git and GitHub¶
git is a software version control system. git is useful for tracking changes to code, including systematic approaches to adding new features or changing functionality. We use git to track and save code as we're working on it.
GitHub is one of several online repositories for sharing code (and is commonly used as a remote repository for git). We use GitHub to facilitate collaboration and share code for papers and other projects.
Setting Up Project Repositories¶
It may be prudent to set up initial repositories as private until you're ready to release the code (which should always be done ahead of paper submission).
When you start a new project, you should create a GitHub meta-repository right away. You can do this in your personal account or as part of the
srikrishnan-lab organization. Make sure that your repository name is informative; we will eventually rename this to align with a paper (something like
A meta-repository is a repository which creates a single point of access for all resources needed to create a published work. We use meta-repositories to avoid mixing data, models, and analysis codes, which can inhibit reproducibility, make the repository cluttered, and make it difficult to re-use models for subsequent projects. You can fork our meta-repository template as a starting point.
Some guidelines on how to structure your meta-repository:
- Model codes and data should be minted and archived somewhere like Zenodo (this can be set up to occur automatically upon a GitHub release).
- You can link to external models and data, particularly if they have a DOI and/or a version number.
- If you developed a model for your project, keep it in its own repository and release a specific version for a paper. Link this from the meta-repository README.
- Generated data should be archived.
- If you generated a unique dataset for your project, the code for this should be included as part of the meta-repository for the paper.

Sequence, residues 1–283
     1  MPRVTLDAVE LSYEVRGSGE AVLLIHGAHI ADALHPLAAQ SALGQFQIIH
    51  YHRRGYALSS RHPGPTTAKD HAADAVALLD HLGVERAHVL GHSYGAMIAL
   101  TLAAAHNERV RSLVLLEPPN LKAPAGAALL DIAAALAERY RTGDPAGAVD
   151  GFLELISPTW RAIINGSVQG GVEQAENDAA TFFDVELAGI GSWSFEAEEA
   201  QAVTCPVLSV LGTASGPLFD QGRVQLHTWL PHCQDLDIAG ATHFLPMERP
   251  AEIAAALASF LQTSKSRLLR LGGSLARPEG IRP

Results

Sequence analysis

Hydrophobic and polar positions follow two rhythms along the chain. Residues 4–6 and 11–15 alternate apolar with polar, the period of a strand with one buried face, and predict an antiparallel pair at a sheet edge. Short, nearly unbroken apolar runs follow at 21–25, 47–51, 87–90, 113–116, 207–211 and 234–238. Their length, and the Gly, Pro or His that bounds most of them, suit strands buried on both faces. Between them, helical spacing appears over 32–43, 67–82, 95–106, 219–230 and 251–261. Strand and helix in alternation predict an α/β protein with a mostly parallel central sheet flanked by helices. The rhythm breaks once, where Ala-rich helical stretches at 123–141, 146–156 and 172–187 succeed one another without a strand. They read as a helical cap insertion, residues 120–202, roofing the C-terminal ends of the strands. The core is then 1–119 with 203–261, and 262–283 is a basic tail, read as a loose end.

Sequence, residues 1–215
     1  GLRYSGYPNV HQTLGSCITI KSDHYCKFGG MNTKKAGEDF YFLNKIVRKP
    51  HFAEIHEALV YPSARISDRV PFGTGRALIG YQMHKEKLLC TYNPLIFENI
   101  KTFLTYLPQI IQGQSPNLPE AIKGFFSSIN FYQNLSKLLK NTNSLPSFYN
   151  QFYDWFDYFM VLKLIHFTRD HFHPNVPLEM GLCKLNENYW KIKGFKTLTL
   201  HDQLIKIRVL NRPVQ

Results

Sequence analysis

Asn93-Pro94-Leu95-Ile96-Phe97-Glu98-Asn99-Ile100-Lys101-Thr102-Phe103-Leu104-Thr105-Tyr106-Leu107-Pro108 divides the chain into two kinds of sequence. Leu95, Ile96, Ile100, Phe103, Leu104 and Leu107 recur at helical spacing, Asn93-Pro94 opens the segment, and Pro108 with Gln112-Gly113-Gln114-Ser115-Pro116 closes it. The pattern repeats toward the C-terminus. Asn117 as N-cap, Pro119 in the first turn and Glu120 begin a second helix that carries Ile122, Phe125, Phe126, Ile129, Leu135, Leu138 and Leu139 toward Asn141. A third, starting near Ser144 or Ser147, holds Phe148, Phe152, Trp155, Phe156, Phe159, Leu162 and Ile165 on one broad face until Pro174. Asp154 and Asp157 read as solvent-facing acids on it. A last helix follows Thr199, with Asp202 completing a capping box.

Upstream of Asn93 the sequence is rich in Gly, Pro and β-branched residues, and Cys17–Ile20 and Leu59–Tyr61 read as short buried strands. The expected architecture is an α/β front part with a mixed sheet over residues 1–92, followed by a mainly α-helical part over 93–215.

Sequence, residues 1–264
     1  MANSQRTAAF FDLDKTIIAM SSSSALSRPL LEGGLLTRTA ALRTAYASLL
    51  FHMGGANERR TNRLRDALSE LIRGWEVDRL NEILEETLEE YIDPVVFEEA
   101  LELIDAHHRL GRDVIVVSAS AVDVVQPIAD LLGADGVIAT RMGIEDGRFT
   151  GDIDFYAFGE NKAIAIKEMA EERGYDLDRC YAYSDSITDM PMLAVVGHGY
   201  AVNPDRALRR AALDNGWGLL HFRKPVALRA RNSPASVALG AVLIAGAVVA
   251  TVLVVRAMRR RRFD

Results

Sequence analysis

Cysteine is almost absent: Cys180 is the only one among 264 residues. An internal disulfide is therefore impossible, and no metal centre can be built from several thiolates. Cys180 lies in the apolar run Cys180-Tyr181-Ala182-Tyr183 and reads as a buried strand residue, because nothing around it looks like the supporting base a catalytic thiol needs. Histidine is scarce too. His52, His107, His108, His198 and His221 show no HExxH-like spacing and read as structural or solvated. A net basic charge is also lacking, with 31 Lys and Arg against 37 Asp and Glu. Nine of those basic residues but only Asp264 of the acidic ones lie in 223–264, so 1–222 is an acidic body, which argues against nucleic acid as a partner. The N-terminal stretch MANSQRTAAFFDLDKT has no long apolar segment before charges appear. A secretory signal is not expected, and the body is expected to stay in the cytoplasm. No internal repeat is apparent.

- If you're generating data which will be reused for other projects, it's worth making a repository just for the generation code and linking to a released version of that repository in the meta-repository.
- Avoid hard-coding absolute paths. If you use an external model or data, let the user set a path to point to where they've installed those resources, then use paths relative to them in the rest of the code.
- Make separate folders for different parts of the analysis to improve readability (e.g. separate data pre-processing, experiment, and figure-generation codes).
- Make individual scripts for each figure you are generating. If all of your figures require large files to generate (for example, the results of a large-scale simulation), make another script which loads the data and then calls the figure-generating scripts in turn. Remember, the goal is readability!
Commits are how you register a particular code state with
git. You can see the status of a repository (what files are untracked and which are changed) using
git status. From the terminal, you can make commits with
git add <files to commit> # (1)! git commit -m <commit message>
- This adds the files you would like to associate with a given commit. This does not have to be all of the files you've changed if you've made multiple changes that you would like to split across multiple commits.
In general, good commit guidance is:
- Make commits as often as possible.
- Make sure your commit messages are informative. You should be able to tell what changes you made so you can revert if necessary.
There are several alternatives to GitHub, including Bitbucket. You may use whichever online repository you prefer, though we use GitHub for lab-wide management, such as the website and lab manual.
- Version Control with Git from Software Carpentry
- Github Training from GitHub.
- Getting Started: Git and GitHub from Water Programming.
- A collection of git-related posts from Water Programming.